The government’s ambitious Te Mato Vai (TMV) project was never a $60 million scheme, says financial secretary Garth Henderson.
And he admits promotion and marketing of the venture to deliver potable drinking water in Rarotonga as a $60 million project was incorrect.
Henderson said the projected cost was a “class five” estimate that carried an intended level of accuracy of plus or minus 50 per cent.
A class five estimate is based on limited project scope definition and is generally used to determine indicative end cost values for comparison of scope or delivery method options and for initial evaluation of project economic viability.
“The issue was this (Te Mato Vai) was projected or promoted as a $60 million project. The reality is, it never was a $60 million project. It was $60 million plus 50 per cent, it was actually a $90 million project,” Henderson said.
“Why it was promoted as a $60 million project, I’m not sure … whether it was simply the officials at the time who were doing the communication didn’t understand it because they are not engineers and class five is an engineering concept, so they promoted it wrong.”
Henderson said over time as they evolved the project, the plans became more defined and cost estimates became more accurate.
He said the government started to see the cost increase, partly due to the delayed start of stage two.
“There were issues around stage one with access to land for the ring mains, but we dealt with them. The delays with (accessing) the land where the intakes are, delayed the start of stage two,” Henderson said.
“When we went to market for stage two project, we had a preferred contractor ready to move, but the issues related to land weren’t resolved so work couldn’t start, so the delays between awarding the contract, and having the preferred contractor dragged on.”
Henderson said due to the delay in the start of the stage two, MFEM had to seek a re-price and the costs went up.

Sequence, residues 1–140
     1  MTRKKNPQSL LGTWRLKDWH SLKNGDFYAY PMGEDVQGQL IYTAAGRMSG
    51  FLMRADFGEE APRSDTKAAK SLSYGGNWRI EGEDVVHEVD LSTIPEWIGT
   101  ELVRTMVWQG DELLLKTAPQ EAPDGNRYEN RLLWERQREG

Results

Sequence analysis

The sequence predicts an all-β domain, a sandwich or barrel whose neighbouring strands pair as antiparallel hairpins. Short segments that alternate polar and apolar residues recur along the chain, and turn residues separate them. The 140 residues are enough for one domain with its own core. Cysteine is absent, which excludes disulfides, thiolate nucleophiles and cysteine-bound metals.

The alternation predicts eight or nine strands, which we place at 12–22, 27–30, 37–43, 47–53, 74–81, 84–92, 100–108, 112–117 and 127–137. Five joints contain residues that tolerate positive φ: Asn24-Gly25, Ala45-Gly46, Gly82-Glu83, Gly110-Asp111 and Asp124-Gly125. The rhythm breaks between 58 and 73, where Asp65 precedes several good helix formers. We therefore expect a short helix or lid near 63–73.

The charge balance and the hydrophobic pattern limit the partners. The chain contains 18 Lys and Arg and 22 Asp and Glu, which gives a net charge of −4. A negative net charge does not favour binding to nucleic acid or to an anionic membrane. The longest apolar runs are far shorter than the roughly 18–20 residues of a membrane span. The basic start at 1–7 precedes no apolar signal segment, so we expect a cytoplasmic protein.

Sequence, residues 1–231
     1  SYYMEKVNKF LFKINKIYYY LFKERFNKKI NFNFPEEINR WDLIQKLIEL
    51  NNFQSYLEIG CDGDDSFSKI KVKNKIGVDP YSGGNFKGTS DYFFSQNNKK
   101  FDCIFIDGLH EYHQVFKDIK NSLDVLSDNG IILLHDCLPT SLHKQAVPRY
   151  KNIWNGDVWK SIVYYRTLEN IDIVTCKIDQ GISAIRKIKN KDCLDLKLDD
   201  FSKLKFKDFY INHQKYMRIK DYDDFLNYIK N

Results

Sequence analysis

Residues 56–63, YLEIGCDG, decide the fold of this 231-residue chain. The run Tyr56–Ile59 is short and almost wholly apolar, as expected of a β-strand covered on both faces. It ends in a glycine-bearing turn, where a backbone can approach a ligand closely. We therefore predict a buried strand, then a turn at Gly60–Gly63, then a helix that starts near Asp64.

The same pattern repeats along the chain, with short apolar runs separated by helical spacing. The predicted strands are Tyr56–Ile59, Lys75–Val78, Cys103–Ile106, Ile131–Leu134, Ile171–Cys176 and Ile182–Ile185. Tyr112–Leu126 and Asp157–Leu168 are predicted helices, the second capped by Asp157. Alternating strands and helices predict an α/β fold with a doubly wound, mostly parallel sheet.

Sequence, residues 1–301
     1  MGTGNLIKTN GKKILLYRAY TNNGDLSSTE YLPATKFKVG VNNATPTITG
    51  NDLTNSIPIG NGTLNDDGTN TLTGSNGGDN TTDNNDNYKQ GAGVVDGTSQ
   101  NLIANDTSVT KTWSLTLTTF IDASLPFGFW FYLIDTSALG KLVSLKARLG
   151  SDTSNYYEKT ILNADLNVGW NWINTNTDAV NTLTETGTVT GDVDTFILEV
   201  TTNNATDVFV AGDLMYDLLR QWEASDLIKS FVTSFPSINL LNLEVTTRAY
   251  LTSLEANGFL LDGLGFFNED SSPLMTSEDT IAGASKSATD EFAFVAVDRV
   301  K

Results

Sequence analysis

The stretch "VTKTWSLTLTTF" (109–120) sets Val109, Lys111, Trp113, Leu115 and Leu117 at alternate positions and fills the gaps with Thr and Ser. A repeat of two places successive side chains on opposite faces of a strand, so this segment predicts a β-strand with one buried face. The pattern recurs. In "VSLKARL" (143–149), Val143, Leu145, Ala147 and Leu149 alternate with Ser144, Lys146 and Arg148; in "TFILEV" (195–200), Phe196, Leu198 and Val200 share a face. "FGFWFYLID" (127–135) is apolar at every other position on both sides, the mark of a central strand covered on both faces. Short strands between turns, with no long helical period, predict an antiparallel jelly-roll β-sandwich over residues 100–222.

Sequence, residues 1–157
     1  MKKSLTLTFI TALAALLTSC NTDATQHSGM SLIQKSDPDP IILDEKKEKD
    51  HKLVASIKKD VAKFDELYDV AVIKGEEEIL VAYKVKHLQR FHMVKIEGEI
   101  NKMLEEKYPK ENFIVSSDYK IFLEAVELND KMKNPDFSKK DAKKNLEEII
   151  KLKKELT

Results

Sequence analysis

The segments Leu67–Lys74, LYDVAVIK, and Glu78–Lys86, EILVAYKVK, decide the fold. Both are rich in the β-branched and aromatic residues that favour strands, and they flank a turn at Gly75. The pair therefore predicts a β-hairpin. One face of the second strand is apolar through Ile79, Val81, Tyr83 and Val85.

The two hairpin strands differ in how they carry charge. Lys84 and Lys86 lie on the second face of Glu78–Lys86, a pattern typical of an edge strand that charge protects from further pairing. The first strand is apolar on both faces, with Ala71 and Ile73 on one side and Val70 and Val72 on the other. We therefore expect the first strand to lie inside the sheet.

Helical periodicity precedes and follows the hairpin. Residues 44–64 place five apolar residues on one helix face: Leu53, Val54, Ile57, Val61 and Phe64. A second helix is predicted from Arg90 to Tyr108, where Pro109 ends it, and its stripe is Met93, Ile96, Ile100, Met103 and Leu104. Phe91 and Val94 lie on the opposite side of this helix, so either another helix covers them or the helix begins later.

He said they expected an escalation of $2 million when in fact the price went up by $8 million.
Henderson also said their estimate was well below the mark – about $8 million below the bid that eventually won the contract.
“The original budget estimate for stage two construction was underestimated as well. When they did (estimate) before they went to market, I asked them (the engineers) what stage two is going to cost. They came back and said about $26 million, which I guess was based on engineering and market awareness.
“When we went to market, nothing came in that price. I think the lowest was $32 million. In my experience, when people focus on $60 million project, initially all their estimates fit within.
“The estimates were influenced (by the words) “$60 million project” because every time we went back, the market was saying ‘no, if you want this infrastructure, this is the price’.
“There was a mental block to keep it under $60 million when in reality, it wasn’t a $60 million project.”
The winning bid was about $34.6 million, much higher than the $26 million which was estimated before the bid opened.
Other factors which increased the budget for stage two were mainly the state of the roads leading to the intakes and problems with accessing the intake land.
The TMV project is funded by Chinese government through a $25 million loan which took care of stage one, and $15 million grant from the New Zealand.
The Cook Islands government will pay the remaining $50 million and Henderson confirmed they would not need any further loans to fund that.